Effectiveness and acceptability of parental financial incentives and quasi-mandatory schemes for increasing uptake of vaccinations in preschool children: systematic review, qualitative study and discrete choice experiment

J Adams, B Bateman, F Becker, T Cresswell, D Flynn, R McNaughton, Y Oluboyede, S Robalino, L Ternent, Benjamin Gardner, S Michie, J Shucksmith, Falko Sniehotta

Research output: Contribution to journalArticlepeer-review

53 Citations (Scopus)

Abstract

Results:
Systematic review

there was insufficient evidence to conclude that the interventions considered
are effective. There was some evidence that the quasi-mandatory interventions were acceptable. There was
insufficient evidence to draw conclusions on economic costs and consequences. Qualitative study

there
was little appetite for parental financial incentives. Quasi-mandatory schemes were more acceptable.
Optimising current services was consistently preferred to the interventions proposed. DCE and
questionnaire

universal parental financial incentives were preferred to quasi-mandatory interventions,
which were preferred to targeted incentives. Those reporting that they would need an incentive to
vaccinate their children completely required around £110. Those who did not felt that the maximum
acceptable incentive was around £70.
Limitations:
Systematic review

a number of relevant studies were excluded as they did not meet the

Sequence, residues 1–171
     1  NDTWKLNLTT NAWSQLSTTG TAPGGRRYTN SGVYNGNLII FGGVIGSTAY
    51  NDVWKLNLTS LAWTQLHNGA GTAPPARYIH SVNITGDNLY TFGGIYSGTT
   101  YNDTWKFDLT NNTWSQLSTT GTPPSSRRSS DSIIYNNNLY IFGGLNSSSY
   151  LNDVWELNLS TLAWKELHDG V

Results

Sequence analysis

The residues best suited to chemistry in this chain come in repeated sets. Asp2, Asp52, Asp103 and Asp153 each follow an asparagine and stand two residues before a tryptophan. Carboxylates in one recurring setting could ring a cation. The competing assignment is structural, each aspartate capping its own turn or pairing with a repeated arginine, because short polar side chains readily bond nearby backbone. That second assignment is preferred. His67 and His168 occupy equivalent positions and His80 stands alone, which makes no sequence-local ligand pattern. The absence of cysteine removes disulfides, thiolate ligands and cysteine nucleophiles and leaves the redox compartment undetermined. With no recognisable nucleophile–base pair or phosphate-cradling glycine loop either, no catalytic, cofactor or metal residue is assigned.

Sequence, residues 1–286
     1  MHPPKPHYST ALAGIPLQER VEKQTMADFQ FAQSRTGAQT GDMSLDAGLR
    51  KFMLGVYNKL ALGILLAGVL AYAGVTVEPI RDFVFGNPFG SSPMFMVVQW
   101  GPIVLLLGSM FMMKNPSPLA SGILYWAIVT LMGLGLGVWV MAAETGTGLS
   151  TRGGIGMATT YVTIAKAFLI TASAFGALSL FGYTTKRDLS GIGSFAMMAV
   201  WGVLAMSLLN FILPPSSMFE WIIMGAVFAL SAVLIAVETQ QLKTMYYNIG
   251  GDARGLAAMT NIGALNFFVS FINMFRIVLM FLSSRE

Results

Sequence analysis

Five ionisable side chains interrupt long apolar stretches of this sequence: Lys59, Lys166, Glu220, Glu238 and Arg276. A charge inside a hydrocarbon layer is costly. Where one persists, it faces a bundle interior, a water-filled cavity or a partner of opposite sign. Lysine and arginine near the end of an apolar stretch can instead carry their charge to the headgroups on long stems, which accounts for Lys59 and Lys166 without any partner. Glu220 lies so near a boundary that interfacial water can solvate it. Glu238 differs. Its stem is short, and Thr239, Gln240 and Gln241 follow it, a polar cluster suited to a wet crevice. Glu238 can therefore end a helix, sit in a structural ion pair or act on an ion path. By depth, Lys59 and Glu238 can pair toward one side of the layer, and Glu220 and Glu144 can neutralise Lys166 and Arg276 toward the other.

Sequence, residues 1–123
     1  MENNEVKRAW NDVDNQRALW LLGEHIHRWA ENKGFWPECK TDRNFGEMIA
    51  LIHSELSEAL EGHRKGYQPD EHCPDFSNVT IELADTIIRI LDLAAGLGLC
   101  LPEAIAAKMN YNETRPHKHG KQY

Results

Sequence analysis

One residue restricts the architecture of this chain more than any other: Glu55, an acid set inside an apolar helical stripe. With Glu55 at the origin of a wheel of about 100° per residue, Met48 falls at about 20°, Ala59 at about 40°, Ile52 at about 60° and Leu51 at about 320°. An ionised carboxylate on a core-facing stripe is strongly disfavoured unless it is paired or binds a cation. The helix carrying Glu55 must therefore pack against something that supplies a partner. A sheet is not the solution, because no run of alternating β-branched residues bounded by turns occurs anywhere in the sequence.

study design inclusion criteria. Qualitative study

few partially and non-vaccinating parents were recruited.
DCE and questionnaire

data were from a convenience sample.
Conclusions:
There is little current evidence on the effectiveness or economic costs and consequences of
parental financial incentives and quasi-mandatory interventions for preschool vaccinations. Universal
incentives are likely to be more acceptable than targeted ones. Preferences concerning incentives versus
quasi-mandatory interventions may depend on the context in which these are elicited.
Future work:
Further evidence is required on (i) the effectiveness and optimal configuration of parental
financial incentive and quasi-mandatory interventions for preschool vaccinations

if effectiveness is
confirmed, further evidence is required on how to communicate this to stakeholders and the impact on
acceptability; and (ii) the acceptability of parental financial incentive and quasi-mandatory interventions for
preschool vaccinations to members of the population who are not parents of preschool children or relevant
health professionals. Further consideration should be given to (i) incorporating reasons for non-vaccination
into new interventions for promoting vaccination uptake; and (ii) how existing services can be optimised.
Study registration:
This study is registered as PROSPERO CRD42012003192.
Funding:
The National Institute for Health Research Health Technology Assessment programme.
Original languageEnglish
Number of pages206
JournalHealth Technology Assessment
Volume19
Issue number94
DOIs
Publication statusPublished - Nov 2015

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